The WSJ reports that "Federal prosecutors are investigating whether Morgan Stanley misled investors about mortgage-derivatives deals it helped design and sometimes bet against, people familiar with the matter say, in a step that intensifies Washington's scrutiny of Wall Street in the wake of the financial crisis." In essence, Abacus comes to Times Square. And the latest soundbite for today's media feeding frenzy: the "Dead Presidents." So going down the list: Goldman - check, Morgan Stanley -check, Merrill, Deutsche and UBS - to come, especially once Khuzami finds a replacement to fill his recused status when investigating the German bank.
Did John Perry Take The "Perceived" Paulson CDO Cap Structure Arbitrage To A Whole New Level In 2007?Submitted by Tyler Durden on 04/27/2010 15:05 -0400
One of the critical observations that have emerged as a result of the
SEC action into Goldman is the realization that
various investors would take full advantage of perceived capital
structure arbitrage, not directly, but by implication: if fund X was
seen as an equity investor in a given product, be it structured in the
form of a CDO, or a boring corporation, with publicly traded
equity,that would imply to everyone else curious, that fund X was implicitly comfortable with every tranche in the balance sheet above the equity:
whether the mezz tranche, the deeply subordinated debt, and obviously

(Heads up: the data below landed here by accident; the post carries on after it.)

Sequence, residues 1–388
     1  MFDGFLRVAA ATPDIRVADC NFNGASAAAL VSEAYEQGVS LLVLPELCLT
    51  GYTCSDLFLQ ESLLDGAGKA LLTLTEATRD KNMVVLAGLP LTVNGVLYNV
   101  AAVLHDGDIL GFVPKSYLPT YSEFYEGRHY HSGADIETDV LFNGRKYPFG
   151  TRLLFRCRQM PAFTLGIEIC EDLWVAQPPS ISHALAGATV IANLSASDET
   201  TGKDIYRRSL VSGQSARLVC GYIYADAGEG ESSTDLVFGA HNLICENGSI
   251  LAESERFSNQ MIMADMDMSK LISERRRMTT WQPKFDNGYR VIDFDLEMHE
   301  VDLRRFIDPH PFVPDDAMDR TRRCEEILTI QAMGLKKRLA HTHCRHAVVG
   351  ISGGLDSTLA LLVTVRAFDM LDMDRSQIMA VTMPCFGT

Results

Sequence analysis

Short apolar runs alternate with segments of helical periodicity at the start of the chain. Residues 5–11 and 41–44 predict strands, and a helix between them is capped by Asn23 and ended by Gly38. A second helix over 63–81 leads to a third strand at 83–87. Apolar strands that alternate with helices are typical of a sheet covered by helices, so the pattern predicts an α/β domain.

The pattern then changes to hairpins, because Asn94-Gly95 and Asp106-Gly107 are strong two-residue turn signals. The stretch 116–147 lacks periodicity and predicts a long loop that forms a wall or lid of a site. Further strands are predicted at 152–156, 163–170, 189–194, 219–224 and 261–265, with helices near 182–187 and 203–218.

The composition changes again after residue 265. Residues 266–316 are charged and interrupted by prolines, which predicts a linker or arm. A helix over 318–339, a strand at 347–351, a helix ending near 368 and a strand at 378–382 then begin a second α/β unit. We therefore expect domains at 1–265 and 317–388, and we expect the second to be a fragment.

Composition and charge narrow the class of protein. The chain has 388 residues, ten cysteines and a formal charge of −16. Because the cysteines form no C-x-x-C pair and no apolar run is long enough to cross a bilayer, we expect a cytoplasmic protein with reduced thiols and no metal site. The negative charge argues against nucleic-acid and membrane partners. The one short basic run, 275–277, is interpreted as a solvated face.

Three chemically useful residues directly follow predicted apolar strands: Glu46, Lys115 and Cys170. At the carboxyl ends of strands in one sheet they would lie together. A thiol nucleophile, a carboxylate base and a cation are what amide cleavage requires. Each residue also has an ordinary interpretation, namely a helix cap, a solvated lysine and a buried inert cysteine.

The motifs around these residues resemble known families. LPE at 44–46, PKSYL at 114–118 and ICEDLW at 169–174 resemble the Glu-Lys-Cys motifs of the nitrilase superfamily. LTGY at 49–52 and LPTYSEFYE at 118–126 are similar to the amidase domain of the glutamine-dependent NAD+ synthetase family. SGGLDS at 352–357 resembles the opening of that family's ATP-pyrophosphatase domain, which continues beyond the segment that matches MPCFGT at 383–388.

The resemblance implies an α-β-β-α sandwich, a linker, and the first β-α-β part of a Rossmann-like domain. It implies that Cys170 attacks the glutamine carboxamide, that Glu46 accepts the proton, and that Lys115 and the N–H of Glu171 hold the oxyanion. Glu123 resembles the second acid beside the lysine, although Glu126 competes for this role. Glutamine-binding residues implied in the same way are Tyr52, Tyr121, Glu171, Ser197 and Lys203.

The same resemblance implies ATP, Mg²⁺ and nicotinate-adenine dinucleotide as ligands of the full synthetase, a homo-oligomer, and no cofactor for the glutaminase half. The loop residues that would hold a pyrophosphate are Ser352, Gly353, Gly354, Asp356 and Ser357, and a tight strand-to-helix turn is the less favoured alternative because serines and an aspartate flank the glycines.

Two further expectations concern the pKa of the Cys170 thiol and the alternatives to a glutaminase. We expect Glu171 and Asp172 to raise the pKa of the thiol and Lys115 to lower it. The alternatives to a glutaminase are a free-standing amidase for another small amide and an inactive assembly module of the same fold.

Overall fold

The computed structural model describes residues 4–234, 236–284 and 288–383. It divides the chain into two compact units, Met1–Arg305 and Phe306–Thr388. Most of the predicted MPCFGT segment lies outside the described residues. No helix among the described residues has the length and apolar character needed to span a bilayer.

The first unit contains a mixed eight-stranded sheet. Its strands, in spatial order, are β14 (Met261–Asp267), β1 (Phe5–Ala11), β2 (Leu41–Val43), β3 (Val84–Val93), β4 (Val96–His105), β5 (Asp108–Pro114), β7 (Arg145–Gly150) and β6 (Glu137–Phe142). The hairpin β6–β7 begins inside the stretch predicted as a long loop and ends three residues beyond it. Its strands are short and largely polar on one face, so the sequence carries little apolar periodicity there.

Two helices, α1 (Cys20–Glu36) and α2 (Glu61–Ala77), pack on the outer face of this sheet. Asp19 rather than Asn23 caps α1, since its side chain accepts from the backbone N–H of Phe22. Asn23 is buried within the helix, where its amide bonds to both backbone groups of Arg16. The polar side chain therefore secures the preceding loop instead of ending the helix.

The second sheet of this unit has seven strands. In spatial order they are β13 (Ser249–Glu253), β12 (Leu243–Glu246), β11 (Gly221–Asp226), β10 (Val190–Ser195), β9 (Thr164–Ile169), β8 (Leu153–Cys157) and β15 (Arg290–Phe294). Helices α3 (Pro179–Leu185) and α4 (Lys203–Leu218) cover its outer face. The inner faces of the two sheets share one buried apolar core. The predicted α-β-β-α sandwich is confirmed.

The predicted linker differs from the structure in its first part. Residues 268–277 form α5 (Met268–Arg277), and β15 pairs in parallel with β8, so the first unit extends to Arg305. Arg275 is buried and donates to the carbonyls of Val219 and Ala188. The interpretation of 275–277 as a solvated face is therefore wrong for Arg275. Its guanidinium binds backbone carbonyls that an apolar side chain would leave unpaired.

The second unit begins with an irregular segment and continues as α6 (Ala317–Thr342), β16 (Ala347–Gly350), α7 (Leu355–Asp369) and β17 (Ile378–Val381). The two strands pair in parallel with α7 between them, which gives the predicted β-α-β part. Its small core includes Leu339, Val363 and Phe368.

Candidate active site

the very top or the supersenior debt tranche (secured or otherwise).
The ruse, the SEC claims, is that said Fund X would invest a token equity amount, and make it plain for all to see, all the while shorting the bejeezus out of securities above the equity tranche, knowing full well that the equity would be wiped out, yet with partial or full losses on the debt above, the shorts would end up making a profit multiples of times larger than the equity tranche loss. This is among the key points in the SEC complaint - we will not discuss it much, suffice
to say that it is more than obvious that when dealing with other (not
all that sophisticated) investors, this ruse would certainly work, as
the rest of the world would be logically satisfied that investor X
would not assume there would be impairments above the equity tranche, absent further disclosure. Yet what is interesting, and what we would like to touch upon, is a curious tangent of this "ruse" - as blog LittleSis points out, one
entity that could have taken the "Fund X" scheme to a whole new level
may be the hedge fund run by former Goldman Robert Rubin arb desk